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Friday, 1 July 2011

Paralympics RM4 million poser

Paralympics RM4 million poser

RM4m 'investment' comes as surprise to many

Wednesday, June 29th, 2011 11:27:00

PETALING JAYA: Why was a staggering RM4 million invested by the Malaysian Paralympics Council (MPC) in a company helmed by its president and his sons?

This is the poser raised by several council members upon learning of the investment recently.

A probe by The Malay Mail revealed that in 2008, MPC had invested RM4 million in an events management company, Paralimpik Ventures Sdn Bhd.

Our investigations showed a cheque for RM2 million was issued on April 4, 2008, and another RM2 million was transferred about two weeks later, on April 17, 2008.

The cheque and telegraphic transfer were allegedly signed off by MPC president Datuk Zainal Abu Zarin and its then treasurer, Liew Yoon Loy.

It is understood the money was derived from donations and fund-raising activities carried out by the MPC over the years. Sources claimed nothing on the hefty investment had been heard of since.

A check with the Companies Commission of Malaysia revealed Zainal and his sons, Idi Irwan and Ilia Ikhwan, were listed as the directors of Paralimpik Ventures.

One person not amused by this episode was MPC council member Prof M. Chandra Sekaran, who said the issue had raised more questions than answers.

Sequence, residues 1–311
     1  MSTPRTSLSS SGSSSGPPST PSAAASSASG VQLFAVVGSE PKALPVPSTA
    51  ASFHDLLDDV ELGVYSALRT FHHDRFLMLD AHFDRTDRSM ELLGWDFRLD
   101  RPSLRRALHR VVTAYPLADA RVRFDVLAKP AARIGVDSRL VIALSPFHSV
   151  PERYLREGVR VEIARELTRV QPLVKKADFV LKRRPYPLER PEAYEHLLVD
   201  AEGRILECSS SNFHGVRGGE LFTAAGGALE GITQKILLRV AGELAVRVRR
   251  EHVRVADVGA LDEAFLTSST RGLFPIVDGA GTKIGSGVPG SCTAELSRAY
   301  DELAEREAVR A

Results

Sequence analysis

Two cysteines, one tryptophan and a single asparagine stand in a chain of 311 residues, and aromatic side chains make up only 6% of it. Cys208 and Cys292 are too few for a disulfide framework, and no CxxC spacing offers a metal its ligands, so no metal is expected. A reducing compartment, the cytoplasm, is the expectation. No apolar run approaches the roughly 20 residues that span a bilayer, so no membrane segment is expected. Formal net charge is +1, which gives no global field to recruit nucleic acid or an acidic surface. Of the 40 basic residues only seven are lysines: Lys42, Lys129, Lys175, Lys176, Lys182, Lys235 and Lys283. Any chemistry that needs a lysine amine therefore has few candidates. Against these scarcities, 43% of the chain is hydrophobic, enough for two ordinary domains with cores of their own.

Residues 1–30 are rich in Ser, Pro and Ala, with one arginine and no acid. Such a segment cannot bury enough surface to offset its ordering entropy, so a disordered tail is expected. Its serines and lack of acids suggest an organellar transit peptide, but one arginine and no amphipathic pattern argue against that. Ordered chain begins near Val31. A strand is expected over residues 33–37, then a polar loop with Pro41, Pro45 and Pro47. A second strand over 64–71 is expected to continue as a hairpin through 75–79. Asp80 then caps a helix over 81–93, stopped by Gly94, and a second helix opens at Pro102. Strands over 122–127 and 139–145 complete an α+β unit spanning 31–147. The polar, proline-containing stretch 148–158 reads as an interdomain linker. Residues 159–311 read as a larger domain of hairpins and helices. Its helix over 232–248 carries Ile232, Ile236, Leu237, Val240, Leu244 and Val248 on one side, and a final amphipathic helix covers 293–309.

"Who allowed the investment? Was it documented? How much have we made? Most importantly, who will be held responsible if the investment goes wrong?" he asked.

Chandra claimed he was approached by Zainal to invest some money in the company in 2008. Chandra was the treasurer for the Malaysian Association for the Blind (MAB) then.

"We were told it was a new scheme by Bank Negara Malaysia that promises to double the investment within a year but we at the MAB did not agree to it.

"Millions have been channelled out of MPC but it has not been documented. Such an investment requires the approval of two-thirds of the council, not just a handful of people."

He said there was no letter of undertaking by Bank Negara on the investment. "The manner the investment was done is unethical and we have been kept out of the loop for far too long.

"Now, where is the money?"

Chandra said he was eager to raise this issue at the much-awaited annual general meeting (AGM), which could be held soon.

It was learnt the MPC had not conducted its AGM since 2005 and was only registered with the Sports Commissioner’s office in May 2008.

MPC executive board member Lee Sheng Chow, a blind national para athlete, said the revelation caught him by surprise. "This is news to me. We had had many meetings in the past, yet this was never brought up," Lee, who is also founder and president of the Malaysian Disabled Persons Sports Association, said.

"This has to be clarified. Such dealings must be done in a transparent manner."

Zainal, however, maintained the money was secure and kept aside for the possible construction of MPC’s new headquarters.

Meanwhile, Sports Commissioner Datuk Yassin Salleh said MPC would be hauled up to explain the matter.